Simple pleasure from a simple-minded activity:
The blows that a life of self-control
Spares to strike for the common good,
That day, giving a loose my soul,
I spent on the unimportant wood.
From Robert Frost’s “Two Tramps in Mudtime”
A recent storm deposited a butternut hickory across one of our trails. As hickories go, it was a juvenile – about 25 feet tall, fully leafed out and heavy with nuts. We were surprised that such a tree would go over in a moderate wind. Closer inspection showed that even thought upper sections were solid, the base of the trunk was completely hollow. Nature, as usual, knew what she was doing.
It was an excellent example of the proverbial ill wind that blows nobody good: The tree was perfect for firewood with a straight trunk and as big around as a basketball at its base. On top of that, it was easy to get to. So, chain sawing began.
Under the heading that the trouble with life is one thing always leads to another, the tree had been growing at the top of a steep rise above a creek, so predictably one good log when cut rolled down the hill. When I went for it, I found two huge highly invasive bush honeysuckles. So, I went back up the hill and slid down with the chain saw and stump killer. Having dispatched the honeysuckles and not wanting to waste a good slide down a steep bank, I thought I’d look around down there and found a couple of osage orange trees, known locally as hedge apples and known to me personally as the devil’s favorite tree. So, I took care of them and, bettering Sysiphus, got the log back up the hill.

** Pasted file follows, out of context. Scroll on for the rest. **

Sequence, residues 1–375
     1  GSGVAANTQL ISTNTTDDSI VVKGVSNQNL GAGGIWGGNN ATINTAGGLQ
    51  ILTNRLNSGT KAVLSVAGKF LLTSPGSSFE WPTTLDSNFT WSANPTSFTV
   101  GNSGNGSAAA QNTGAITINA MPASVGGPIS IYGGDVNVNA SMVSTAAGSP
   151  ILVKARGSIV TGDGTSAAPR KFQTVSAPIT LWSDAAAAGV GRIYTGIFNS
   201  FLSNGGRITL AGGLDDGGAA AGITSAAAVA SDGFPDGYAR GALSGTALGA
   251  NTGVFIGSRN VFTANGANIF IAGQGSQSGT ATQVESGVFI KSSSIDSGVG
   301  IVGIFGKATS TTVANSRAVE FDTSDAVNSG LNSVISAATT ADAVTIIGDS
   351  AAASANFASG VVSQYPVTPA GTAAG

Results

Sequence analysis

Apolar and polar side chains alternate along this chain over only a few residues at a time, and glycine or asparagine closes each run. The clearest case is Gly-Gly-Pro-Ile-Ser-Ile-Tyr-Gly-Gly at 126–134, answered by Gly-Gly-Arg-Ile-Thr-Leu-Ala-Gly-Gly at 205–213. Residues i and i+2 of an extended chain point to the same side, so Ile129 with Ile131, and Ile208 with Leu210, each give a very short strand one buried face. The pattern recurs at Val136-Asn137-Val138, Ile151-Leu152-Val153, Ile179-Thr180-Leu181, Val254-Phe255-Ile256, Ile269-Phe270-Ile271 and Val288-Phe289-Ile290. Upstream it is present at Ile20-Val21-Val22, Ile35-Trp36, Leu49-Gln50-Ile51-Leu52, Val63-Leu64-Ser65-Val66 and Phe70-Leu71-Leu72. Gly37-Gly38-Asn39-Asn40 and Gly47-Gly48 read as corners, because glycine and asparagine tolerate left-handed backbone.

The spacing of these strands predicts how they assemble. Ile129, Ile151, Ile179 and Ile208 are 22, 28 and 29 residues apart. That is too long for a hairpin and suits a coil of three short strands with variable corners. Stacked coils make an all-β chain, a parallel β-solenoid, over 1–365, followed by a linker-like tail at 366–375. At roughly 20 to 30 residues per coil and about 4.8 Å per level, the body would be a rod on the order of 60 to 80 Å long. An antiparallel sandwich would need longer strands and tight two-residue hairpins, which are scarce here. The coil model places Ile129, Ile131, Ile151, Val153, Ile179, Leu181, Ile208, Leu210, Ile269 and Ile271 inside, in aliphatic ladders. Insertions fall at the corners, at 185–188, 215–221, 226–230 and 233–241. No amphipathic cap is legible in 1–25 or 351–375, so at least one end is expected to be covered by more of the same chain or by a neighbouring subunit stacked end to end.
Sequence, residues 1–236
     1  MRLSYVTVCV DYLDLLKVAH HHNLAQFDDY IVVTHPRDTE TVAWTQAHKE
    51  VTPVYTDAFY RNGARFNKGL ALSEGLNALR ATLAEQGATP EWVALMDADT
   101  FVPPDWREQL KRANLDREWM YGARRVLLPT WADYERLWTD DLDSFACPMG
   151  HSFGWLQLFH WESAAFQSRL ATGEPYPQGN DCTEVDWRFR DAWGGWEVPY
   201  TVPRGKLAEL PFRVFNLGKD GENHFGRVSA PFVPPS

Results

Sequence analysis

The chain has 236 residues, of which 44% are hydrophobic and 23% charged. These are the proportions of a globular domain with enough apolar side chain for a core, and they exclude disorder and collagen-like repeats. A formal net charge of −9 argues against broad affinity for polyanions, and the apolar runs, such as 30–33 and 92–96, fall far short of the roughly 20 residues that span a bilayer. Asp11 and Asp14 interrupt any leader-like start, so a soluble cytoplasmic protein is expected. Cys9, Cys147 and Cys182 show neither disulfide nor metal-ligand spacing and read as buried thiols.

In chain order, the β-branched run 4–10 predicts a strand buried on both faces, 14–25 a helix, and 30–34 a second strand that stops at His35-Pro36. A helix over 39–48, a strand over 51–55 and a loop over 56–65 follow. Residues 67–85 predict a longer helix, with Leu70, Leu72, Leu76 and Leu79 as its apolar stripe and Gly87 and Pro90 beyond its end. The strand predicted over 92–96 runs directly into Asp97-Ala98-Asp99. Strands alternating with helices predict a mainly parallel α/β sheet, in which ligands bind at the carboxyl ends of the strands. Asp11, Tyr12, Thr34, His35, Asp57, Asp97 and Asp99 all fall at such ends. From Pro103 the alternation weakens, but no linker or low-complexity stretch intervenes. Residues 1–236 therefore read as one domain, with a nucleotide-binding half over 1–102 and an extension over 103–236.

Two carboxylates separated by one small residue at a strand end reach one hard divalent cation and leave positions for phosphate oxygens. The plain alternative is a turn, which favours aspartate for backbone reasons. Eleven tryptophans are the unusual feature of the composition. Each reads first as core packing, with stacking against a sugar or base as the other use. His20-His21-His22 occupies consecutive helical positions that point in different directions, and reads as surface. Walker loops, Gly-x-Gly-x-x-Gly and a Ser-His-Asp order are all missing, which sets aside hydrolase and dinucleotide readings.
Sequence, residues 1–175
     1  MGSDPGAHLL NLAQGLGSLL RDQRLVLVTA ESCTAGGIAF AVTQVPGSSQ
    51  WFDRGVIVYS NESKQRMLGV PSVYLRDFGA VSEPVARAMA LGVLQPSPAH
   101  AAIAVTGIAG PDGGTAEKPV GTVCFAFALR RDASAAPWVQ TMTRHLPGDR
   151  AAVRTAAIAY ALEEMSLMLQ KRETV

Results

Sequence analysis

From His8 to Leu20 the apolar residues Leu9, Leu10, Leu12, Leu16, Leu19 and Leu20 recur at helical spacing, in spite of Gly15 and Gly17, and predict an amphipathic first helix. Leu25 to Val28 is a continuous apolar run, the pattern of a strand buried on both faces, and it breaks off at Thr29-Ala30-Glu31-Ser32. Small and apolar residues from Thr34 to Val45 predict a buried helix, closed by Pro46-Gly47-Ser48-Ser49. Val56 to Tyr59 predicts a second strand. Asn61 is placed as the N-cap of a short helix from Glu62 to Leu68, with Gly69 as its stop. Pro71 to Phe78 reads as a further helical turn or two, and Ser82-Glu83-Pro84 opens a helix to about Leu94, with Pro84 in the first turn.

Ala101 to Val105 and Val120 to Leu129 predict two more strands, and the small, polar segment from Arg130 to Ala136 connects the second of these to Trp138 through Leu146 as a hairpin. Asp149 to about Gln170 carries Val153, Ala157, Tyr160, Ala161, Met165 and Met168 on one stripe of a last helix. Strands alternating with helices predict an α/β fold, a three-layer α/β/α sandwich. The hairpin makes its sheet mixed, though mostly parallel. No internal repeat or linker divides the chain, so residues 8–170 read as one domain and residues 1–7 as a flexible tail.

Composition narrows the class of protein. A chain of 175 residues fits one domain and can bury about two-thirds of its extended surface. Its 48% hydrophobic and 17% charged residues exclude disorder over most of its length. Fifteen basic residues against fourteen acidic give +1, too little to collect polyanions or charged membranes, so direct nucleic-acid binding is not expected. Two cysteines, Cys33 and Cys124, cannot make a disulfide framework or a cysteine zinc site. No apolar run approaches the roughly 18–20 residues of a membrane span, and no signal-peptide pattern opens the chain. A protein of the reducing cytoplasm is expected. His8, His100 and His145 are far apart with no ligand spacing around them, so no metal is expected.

But I seriously digress.
You’d think I never had felt before
The weight of an ax-head poised aloft,
The grip of earth on outspread feet,
The life of muscles rocking soft
And smooth and moist in vernal heat.
More from Robert Frost’s “Two Tramps in Mudtime”
Having cut the tree into usable logs, I chose a big one as a chopping block, stood a smaller one on top of it and tried the maul. The hickory split like a dream, totally different from dense osage orange wood which laughs off even a solid whack of the maul. A blow or two with the maul split hickory logs a foot across and twenty inches long with a sound so satisfying that I can only compare it to the clatter of bowling pins that comes with a strike.
Stacking fire wood for the winter of 2016, I recalled fondly my Aunt Gladys who died at 96. She made wonderful gooseberry jam. When she was 92 or so, she had my ever-gracious brother-in-law Steve plant a gooseberry bush in her back yard, knowing that it would take two years to bear fruit. Optimism is necessary for longevity and makes it worthwhile.
But I digress (again). . .